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9 Bygone Novelty Restaurants of L.A.

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L.A.'s always boasted a unique dining scene, but novelty restaurants were once a particular specialty of our fair city. Today, you can still eat your Carney's inside a train car on Sunset or have an overpriced dinner aboard the Queen Mary, but for the most part, the creatively designed eateries of yore have fallen by the wayside. Below, nine examples of way super-cool settings for supper, from a ship anchored alongside the Venice pier to a zeppelin.

Image courtesy LAPL Photo Collection.

Shown here in 1931, the Zep Diner at 515 W. Florence capitalized on its era's fascination with blimps.

Image courtesy LAPL Photo Collection.

Venice's Ship Café, shown here in 1946, ran alongside the Abbot Kinney pier and at one time was a famous celebrity rendezvous spot.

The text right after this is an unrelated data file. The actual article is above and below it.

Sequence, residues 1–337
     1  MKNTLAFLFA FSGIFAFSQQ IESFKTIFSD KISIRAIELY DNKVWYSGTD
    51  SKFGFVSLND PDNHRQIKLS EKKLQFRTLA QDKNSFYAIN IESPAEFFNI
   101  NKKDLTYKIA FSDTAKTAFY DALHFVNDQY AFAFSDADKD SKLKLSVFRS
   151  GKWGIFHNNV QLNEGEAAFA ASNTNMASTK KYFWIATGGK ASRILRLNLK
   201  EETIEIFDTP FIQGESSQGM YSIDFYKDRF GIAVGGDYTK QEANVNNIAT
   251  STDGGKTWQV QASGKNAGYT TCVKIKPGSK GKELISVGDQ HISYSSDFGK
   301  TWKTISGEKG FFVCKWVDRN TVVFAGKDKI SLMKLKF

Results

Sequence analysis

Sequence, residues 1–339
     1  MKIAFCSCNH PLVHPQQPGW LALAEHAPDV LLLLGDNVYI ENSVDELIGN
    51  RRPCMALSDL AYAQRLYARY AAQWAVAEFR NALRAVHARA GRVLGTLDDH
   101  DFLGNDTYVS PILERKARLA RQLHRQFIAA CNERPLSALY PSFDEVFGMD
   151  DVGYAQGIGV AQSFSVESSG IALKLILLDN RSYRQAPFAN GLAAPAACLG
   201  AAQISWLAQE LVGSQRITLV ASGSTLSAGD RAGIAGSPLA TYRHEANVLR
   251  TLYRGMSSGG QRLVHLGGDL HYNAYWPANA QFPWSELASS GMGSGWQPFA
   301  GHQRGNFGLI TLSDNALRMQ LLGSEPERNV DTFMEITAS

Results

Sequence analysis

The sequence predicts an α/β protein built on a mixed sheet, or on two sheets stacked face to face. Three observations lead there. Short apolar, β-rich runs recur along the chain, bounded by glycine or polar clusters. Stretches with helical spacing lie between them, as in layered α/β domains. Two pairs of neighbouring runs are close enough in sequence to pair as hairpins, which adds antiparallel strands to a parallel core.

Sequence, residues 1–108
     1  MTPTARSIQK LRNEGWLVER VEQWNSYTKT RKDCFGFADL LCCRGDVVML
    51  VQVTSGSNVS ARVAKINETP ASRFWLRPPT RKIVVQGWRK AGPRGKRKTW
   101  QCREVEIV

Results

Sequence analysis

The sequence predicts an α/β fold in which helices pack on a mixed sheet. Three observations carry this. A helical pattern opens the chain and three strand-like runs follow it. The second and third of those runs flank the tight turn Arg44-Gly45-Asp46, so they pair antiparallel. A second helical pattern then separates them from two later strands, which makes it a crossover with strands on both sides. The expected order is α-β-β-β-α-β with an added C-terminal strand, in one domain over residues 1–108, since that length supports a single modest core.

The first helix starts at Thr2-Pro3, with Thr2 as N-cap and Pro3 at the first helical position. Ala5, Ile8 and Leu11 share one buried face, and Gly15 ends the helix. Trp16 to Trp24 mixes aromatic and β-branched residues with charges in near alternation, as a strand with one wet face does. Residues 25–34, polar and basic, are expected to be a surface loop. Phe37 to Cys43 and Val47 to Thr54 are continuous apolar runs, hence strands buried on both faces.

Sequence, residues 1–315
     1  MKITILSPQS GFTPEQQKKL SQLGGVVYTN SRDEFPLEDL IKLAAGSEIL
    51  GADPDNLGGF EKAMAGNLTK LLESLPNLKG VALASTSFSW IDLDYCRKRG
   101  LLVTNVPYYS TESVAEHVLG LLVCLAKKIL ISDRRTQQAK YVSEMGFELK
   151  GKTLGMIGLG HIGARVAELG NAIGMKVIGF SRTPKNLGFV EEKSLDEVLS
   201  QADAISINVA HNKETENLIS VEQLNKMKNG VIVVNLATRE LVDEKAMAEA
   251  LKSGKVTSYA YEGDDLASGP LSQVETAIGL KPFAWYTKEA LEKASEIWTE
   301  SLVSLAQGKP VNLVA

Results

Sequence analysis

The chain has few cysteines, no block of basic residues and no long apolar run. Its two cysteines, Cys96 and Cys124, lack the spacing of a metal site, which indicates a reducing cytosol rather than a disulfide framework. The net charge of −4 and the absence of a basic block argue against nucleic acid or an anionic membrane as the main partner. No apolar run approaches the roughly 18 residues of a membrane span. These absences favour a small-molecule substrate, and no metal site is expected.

Image courtesy LAPL Photo Collection.

Venice's Pup Café, so named for obvious reasons, was photographed by Ansel Adams circa 1940. 

Image courtesy LAPL Photo Collection.

Another Ansel Adams image from the '40s depicts Van de Kamp's Bakery in Beverly Hills, complete with Dutch-style windmill. 

Image courtesy LAPL Photo Collection.

The Malamute Saloon, shown here in 1933, was designed to look like a log cabin attached to a giant bottle, a visual joke alluding to the recent end of Prohibition. 

Image courtesy LAPL Photo Collection.

1929's Roundhouse Café, which was located at 250 N. Virgil, was designed to look as if a train was passing right through the building.

Image courtesy LAPL Photo Collection.

The Jail Café at 4212 Sunset, shown here in 1927, sat diners inside "cells" where they were served by "prisoners."

Image courtesy LAPL Photo Collection.

Motoring down Pico in 1920, it would have been impossible to miss this coffeeshop decorated with a giant cup.

Image courtesy LAPL Photo Collection.

The Airplane Café, shown here circa 1924, featured "real chili" as well as a "special prepared hamburger." 

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